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Law School Case Brief

Chiarella v. United States - 445 U.S. 222, 100 S. Ct. 1108 (1980)


Silence in connection with the purchase or sale of securities may operate as a fraud actionable under § 10(b) of the Securities Exchange Act of 1934, 15 U.S.C.S. § 78j, despite the absence of statutory language or legislative history specifically addressing the legality of nondisclosure. But such liability is premised upon a duty to disclose arising from a relationship of trust and confidence between parties to a transaction. Application of a duty to disclose prior to trading guarantees that corporate insiders, who have an obligation to place the shareholder's welfare before their own, will not benefit personally through fraudulent use of material, nonpublic information. 


An individual employed as a "markup man" by a financial printer handling corporate takeover bids was able to deduce the identities of both the acquiring companies and the companies which were targeted for takeover, notwithstanding the measures which had been taken to keep such information secret until just prior to publication. Without disclosing his knowledge about the prospective takeover bids, the employee purchased stock in the target companies and then sold his purchased shares for a profit immediately after the takeover attempts were made public. Following an investigation of the employee's stock trading activities by the Securities and Exchange Commission, the employee entered into a consent decree in which he agreed to return the profits he had made as a result of his activities. Thereafter he was also indicted and convicted at a jury trial in the United States District Court for the Southern District of New York under 32(a) of the Securities Exchange Act of 1934, making it a crime to willfully violate the Act, for his having violated 10(b) of the Act (15 USCS 78j(b)), which prohibits the use "in connection with the purchase or sale of any security … [of] any manipulative or deceptive device or contrivance in contravention of such rules and regulations as the Commission may prescribe," and for violation of the provisions of the Commission's Rule 10b-5 making it unlawful to employ "any device, scheme, or artifice to defraud" or to engage in any act operating "as a fraud or a deceit," the District Court's charge to the jury having permitted the jury to convict if it found that the employee had willfully failed to inform the sellers of target company stock that he knew of forthcoming takeover bids that would make their stock more valuable. On appeal, the United States Court of Appeals for the Second Circuit affirmed the conviction, holding that anyone -- corporate insider or not -- who regularly receives material nonpublic information may not use that information to trade in securities without incurring an affirmative duty to disclose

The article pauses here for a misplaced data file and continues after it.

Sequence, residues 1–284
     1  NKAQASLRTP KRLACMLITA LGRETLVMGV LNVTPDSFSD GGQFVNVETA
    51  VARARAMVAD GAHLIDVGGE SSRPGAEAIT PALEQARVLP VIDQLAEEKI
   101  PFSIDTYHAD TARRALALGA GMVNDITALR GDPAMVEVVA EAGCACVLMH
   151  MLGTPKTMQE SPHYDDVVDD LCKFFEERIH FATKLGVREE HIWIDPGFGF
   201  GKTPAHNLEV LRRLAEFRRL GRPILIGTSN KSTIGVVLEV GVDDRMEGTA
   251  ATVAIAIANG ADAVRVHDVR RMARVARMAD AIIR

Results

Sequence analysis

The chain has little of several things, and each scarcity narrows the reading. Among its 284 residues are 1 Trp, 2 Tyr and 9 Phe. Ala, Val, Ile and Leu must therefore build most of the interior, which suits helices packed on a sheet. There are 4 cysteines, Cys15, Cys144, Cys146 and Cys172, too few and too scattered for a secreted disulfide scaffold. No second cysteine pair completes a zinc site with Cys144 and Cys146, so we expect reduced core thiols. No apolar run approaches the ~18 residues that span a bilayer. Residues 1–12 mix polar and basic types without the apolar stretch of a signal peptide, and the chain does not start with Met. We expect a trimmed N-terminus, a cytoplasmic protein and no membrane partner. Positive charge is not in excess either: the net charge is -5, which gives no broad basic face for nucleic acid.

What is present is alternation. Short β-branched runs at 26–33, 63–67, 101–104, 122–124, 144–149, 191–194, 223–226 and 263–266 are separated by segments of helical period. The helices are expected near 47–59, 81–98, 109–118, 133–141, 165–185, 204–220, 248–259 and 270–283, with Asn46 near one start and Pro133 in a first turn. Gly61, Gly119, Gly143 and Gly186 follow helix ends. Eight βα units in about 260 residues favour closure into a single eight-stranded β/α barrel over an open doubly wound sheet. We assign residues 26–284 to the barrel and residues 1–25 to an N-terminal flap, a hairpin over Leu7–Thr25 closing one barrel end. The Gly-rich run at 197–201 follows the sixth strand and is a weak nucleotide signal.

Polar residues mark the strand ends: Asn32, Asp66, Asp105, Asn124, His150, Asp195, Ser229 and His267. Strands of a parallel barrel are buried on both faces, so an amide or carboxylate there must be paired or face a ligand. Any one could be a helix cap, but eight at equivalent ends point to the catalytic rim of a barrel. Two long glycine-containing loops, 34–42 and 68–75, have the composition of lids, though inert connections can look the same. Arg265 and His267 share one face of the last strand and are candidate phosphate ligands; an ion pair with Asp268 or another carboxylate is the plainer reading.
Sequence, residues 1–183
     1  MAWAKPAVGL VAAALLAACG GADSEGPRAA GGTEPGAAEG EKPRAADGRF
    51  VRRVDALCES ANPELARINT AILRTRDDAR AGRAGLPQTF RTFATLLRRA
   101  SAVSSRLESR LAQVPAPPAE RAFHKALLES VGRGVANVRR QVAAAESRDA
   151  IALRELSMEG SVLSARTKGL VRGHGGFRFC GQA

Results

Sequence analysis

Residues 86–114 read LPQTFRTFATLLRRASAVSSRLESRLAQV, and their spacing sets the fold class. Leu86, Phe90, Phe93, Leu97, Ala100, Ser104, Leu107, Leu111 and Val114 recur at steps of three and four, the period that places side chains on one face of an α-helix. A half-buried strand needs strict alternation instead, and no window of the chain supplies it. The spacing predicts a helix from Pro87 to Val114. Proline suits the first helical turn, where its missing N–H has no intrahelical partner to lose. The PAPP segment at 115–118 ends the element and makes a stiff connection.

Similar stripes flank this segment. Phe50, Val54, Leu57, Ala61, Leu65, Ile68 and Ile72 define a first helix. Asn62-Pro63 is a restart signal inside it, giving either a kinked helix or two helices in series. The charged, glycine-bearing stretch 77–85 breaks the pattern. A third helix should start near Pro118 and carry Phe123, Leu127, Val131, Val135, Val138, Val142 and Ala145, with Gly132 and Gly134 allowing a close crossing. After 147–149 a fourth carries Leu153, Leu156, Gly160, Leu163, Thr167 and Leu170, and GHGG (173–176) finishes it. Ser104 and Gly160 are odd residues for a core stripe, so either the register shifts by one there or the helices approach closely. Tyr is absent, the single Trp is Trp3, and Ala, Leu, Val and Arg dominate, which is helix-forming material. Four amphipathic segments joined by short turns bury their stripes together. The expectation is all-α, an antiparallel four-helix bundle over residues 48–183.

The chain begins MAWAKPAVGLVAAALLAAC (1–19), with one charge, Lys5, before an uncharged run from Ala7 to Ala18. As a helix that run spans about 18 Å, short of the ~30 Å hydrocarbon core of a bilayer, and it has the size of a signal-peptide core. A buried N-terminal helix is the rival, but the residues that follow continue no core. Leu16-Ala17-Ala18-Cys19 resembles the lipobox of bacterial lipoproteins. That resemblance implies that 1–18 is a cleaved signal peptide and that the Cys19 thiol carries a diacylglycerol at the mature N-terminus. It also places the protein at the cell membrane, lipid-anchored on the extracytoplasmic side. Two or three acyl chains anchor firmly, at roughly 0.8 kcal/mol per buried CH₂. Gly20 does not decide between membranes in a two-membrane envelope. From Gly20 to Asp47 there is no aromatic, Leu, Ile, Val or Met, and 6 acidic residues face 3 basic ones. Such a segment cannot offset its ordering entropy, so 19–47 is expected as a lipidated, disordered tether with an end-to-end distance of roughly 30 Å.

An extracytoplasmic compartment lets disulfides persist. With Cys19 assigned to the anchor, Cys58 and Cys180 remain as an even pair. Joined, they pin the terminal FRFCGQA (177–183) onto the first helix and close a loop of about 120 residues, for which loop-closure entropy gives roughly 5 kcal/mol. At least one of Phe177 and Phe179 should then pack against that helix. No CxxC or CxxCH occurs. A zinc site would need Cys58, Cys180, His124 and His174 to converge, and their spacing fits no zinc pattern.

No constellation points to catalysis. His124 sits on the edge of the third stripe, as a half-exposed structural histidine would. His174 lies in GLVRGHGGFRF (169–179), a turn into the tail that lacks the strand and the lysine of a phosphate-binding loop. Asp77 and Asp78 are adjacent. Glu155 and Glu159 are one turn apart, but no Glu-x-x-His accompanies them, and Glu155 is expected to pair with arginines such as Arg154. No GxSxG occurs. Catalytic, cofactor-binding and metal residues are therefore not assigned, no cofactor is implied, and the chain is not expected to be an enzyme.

Was the printer's conviction under § 10(b) proper?




The United States Supreme Court reversed. The Court held that petitioner had not violated the duty to disclose material information where no relationship of trust or confidence existed between petitioner and the shareholders. While noting that silence in connection with the purchase or sale of securities could have been fraud under § 10(b), the Court held that petitioner had not violated § 10(b) where he was under no affirmative duty to disclose the information before trading. Because petitioner was not an agent or fiduciary of the sellers, the Court found that he had no duty to the sellers.

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